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in there.The garden spiders, Aranaeus diadematus, are starting to get very large and obvious, especially those round the compost bins. We compost everything we can, including kitchen waste, so clouds of fruit flies emerge every time I lift off the lid. Even
150 years. It feeds on the fruits, using its stylet mouthparts to suck out the juices, in autumn moving to the berries of yew, which also grows profusely on the chalk downs.However, during the 1990s Gonocerus was found, first, at Bookham Common
small critters come to warm themselves. And what's this? The compost bin has started to leak fruit flies; the perfect snack for a hungry spider.
see several places where I imagined gangly arms had been thrust through to pilfer our fruit. Humph. Oh well. I re-pegged the nets, did a bit of disgruntled tidying and left.The next week we were back. A glorious day, birds singing, clouds puffing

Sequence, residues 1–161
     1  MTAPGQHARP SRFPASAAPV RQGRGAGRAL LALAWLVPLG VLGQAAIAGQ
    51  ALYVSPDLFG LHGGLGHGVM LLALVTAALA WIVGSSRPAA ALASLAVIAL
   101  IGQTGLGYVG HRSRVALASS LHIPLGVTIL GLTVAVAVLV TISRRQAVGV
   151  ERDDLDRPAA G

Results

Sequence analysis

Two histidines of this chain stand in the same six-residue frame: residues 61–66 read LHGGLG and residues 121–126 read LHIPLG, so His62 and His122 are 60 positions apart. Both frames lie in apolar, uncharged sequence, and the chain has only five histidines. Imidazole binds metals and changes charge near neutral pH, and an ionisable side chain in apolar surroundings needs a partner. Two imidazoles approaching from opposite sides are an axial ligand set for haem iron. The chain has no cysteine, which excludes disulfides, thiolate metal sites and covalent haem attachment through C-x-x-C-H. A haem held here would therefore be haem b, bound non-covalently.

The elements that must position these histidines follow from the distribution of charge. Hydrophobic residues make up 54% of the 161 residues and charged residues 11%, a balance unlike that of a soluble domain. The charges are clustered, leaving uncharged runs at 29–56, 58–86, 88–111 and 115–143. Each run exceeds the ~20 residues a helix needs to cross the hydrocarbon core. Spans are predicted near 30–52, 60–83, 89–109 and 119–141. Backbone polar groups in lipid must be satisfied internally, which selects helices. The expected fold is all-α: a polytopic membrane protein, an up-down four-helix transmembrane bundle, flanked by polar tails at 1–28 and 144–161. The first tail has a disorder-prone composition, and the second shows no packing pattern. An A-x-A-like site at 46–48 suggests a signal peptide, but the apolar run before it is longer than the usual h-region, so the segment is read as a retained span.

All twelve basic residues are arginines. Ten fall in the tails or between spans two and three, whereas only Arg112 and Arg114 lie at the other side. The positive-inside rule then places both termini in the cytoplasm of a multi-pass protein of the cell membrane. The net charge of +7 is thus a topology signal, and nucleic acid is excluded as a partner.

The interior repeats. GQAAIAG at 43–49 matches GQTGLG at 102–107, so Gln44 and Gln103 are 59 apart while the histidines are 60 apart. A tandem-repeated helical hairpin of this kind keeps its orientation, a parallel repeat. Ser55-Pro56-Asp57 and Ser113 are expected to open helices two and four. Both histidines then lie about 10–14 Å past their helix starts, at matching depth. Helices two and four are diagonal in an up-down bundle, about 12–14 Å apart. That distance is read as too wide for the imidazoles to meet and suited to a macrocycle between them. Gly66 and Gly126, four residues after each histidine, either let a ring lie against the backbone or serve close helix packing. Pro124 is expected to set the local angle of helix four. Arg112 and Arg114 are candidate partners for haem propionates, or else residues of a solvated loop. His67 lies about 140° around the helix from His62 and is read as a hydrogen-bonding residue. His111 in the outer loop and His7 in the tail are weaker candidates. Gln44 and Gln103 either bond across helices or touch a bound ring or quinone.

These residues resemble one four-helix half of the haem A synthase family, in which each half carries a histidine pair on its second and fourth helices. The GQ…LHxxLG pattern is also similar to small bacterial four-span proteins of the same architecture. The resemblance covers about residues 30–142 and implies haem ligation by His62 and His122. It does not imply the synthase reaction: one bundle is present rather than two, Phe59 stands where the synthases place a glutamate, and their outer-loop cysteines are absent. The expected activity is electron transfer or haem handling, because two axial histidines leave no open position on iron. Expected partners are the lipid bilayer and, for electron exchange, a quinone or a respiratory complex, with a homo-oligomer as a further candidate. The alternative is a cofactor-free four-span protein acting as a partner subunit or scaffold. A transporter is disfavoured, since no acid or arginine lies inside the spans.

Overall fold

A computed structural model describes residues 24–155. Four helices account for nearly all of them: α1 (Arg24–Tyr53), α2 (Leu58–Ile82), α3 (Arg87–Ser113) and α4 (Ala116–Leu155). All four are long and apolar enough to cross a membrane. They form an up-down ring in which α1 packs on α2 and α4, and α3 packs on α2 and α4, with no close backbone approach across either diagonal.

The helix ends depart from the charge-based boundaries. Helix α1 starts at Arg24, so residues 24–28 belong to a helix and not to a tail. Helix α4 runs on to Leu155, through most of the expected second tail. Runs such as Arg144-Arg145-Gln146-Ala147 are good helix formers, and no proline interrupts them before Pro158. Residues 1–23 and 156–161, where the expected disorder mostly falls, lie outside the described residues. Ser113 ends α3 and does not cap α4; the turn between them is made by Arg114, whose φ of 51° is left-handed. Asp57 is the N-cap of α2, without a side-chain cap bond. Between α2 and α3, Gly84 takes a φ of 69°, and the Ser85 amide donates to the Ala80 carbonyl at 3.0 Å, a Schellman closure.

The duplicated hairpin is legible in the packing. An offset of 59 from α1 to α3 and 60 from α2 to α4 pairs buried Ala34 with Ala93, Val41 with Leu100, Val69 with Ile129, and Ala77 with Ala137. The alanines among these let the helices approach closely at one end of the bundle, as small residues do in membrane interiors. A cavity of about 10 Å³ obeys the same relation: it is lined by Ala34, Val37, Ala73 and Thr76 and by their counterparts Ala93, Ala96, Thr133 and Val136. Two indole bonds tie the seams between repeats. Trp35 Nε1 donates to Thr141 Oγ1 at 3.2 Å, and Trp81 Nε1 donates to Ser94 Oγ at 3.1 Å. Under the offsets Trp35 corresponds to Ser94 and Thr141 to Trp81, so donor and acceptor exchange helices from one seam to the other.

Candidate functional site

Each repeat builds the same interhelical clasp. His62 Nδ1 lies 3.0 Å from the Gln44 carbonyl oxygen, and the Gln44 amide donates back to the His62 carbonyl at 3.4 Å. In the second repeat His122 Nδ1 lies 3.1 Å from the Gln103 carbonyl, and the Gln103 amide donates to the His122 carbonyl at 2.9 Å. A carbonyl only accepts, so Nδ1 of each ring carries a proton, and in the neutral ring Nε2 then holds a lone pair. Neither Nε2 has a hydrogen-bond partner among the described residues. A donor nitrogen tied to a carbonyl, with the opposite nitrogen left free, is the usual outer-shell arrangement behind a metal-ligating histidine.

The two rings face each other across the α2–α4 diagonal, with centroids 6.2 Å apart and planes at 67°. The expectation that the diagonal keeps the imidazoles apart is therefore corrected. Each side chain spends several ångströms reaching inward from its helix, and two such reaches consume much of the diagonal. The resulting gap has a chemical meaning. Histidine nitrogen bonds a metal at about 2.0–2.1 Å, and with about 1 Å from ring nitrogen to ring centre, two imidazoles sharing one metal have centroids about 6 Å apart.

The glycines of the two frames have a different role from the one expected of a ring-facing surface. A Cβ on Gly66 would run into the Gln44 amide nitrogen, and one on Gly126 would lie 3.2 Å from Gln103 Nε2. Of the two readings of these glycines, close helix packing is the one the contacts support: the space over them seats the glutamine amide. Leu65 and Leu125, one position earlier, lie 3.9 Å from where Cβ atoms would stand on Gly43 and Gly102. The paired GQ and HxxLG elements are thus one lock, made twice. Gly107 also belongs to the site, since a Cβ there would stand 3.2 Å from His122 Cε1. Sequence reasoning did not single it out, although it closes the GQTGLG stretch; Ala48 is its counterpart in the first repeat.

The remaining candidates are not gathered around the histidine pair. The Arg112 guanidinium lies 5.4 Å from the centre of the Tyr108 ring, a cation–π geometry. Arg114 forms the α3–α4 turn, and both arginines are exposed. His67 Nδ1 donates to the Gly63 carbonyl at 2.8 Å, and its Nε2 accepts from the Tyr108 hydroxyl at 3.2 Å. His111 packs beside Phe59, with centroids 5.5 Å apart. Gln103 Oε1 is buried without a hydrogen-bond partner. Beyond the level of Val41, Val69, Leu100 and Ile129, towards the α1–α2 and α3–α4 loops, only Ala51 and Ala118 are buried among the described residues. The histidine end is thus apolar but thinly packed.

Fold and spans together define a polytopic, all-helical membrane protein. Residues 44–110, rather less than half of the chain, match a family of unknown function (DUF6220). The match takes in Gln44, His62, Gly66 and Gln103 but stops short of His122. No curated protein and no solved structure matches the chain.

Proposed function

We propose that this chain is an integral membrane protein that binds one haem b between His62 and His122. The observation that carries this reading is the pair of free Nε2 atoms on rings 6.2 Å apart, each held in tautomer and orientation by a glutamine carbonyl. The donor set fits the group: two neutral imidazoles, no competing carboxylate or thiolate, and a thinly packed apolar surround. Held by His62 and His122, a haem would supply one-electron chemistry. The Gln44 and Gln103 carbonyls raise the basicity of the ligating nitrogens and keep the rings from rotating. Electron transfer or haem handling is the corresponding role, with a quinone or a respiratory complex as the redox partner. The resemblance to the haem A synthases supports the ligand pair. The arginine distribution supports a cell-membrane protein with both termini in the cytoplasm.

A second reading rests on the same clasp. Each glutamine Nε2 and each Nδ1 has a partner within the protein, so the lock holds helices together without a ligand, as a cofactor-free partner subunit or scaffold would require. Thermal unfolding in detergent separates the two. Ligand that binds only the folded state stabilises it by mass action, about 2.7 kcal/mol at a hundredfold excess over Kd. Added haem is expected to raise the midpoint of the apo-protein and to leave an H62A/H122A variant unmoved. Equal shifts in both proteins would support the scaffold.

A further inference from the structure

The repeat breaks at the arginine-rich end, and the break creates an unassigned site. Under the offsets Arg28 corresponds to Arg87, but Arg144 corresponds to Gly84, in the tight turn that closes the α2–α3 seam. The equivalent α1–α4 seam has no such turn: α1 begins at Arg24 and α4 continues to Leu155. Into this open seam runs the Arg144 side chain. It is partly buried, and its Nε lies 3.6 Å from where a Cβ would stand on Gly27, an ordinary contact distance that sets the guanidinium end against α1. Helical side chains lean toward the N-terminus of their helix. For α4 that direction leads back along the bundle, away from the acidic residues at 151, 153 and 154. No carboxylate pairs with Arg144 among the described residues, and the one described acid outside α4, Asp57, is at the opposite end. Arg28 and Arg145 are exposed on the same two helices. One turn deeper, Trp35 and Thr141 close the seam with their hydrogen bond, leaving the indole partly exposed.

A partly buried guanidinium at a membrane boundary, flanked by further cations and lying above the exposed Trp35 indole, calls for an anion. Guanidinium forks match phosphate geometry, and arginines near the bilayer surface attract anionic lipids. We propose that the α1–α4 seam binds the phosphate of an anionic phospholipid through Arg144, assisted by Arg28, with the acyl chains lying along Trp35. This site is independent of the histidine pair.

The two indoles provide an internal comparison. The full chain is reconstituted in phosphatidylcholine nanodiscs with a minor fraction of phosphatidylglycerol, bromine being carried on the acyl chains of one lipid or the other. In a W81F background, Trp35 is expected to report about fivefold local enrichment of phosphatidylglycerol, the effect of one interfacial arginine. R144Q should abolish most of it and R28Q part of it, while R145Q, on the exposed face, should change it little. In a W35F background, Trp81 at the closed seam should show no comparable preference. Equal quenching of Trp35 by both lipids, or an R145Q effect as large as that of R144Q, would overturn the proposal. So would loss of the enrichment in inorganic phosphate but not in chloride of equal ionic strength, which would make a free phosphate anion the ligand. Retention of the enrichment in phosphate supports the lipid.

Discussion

in Britain.Unlike the sawfly, which feeds on the leaves, the grubs of the picture-wing fly develop in the small berberry fruits. Having seen bushes weighed down with berries in autumn, I've often wondered why the fly has not been more widely seen. A very
of flies emerges.Fruit flies (at least two Drosophila species) feature strongly, which is no surprise given the amount of apple cores, banana skins, melon shells and potato peelings we chuck in each week. Although the adult flies are only 2.5mm long